Yes, it simplifies the controls, but it means that the controls end up more frustrating than anything. There are several buttons here that could be used for separate actions, and you’re left puzzling over clumsy context sensitivity. You might have a power that activates only when standing still, which is just as irritating as you would think.

Then there’s the costumes themselves, which are excellent in premise, but fall short in execution. There are a lot of costumes in Balan Wonderworld, which adds some variety to how you can overcome challenges, but there are too many that are practically the same. It’s a strange sense of monotony that seeps in as you unlock yet another power up that basically lets you jump further. 

Even when they’re more imaginative, the costumes are very inconsistent in their gameplay. Some of them are fantastic but others, owing to the controls, feel like they only have one, very specific use. Worse still, there are some that are – for all intents and purposes – utterly useless. Box Fox turns into an invulnerable box whenever it feels like it, and that’s exactly how it’s described in game. Again, I don’t see why this and abilities couldn’t have been mapped to a different button press.

This inconsistency bleeds into the visuals of the game. Balan Wonderworld is, for the most part, a very pretty world to explore. The characters are well designed and cohesive with the enemies and level design, and the Tims are possibly one of the cutest creations of all time. However, there’s just a roughness to the style that can’t be easily ignored and leaves the overall presentation feeling unfinished.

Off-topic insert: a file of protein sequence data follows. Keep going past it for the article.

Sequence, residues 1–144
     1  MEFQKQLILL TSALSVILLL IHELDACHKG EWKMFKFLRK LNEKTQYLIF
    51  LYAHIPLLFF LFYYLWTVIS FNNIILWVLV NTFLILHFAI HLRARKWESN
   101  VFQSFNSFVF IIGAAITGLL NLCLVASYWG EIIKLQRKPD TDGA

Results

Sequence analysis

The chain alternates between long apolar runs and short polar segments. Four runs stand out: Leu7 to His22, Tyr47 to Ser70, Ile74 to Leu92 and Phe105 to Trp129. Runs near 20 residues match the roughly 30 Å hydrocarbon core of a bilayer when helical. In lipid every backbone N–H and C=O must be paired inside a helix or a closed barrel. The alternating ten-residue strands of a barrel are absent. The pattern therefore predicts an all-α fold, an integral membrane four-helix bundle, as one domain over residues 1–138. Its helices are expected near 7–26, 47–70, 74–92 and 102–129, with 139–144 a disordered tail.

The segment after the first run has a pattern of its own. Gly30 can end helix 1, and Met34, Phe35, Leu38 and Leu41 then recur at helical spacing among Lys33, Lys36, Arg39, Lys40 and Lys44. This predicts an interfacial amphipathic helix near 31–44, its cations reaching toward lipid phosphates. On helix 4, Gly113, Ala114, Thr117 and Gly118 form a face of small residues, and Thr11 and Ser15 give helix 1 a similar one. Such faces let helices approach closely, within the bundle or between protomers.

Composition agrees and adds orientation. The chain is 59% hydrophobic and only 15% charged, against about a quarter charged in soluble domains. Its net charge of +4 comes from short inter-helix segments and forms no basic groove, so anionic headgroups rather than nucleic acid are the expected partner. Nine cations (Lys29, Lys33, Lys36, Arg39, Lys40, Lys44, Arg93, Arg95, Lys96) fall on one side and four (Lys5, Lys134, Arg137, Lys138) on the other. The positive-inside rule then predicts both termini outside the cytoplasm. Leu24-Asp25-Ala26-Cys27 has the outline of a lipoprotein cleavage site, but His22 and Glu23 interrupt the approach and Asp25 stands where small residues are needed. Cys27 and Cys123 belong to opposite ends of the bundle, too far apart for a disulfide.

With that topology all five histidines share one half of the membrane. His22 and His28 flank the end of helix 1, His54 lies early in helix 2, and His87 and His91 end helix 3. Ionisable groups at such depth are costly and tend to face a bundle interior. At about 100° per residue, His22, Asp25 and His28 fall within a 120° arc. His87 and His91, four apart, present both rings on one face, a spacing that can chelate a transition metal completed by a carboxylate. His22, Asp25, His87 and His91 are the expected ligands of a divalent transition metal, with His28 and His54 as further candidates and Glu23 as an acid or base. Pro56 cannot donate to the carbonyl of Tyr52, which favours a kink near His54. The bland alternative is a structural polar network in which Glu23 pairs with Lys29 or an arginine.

One area of the aesthetic that doesn’t fall short is the music, however, which is an excellent tour-de-force. From the big band inspiration of the theme that plays during Balan’s Bout, to the different genres and instruments used in each world, the entire soundtrack is stellar. In fact, it isn’t too much of a stretch to say that this is easily one of the most polished aspects of the whole game, alongside the gorgeous animated cutscenes dotted throughout.

I was one of those that played Balan Wonderworld’s demo and was left wanting more. Since diving into the full game, I’m still wanting. Balan Wonderworld is unfortunately one note. At its core, Balan Wonderworld is a cute and simple platformer, but the problems that were in the demo haven’t been ironed out at all. Although the game is gorgeous at points and is consistently beautiful to hear, it’s let down by frustrating gameplay mechanics and overly simplistic design.

Balan Wonderworld is a passable platformer marred by a string of increasingly baffling design decisions. It has charm by the bucketload and off-the-wall concepts that land well in spite of themselves, but the experience is inconsistent at best and frustrating at worst. There is a good game in here somewhere, and it is great fun at points, but waiting for those points isn’t really worth it.
  • Those Tims are so cute
  • Dance routines!
  • Gorgeous story cutscenes
  • Rough visuals
  • Clunky gameplay
  • Feels unfinished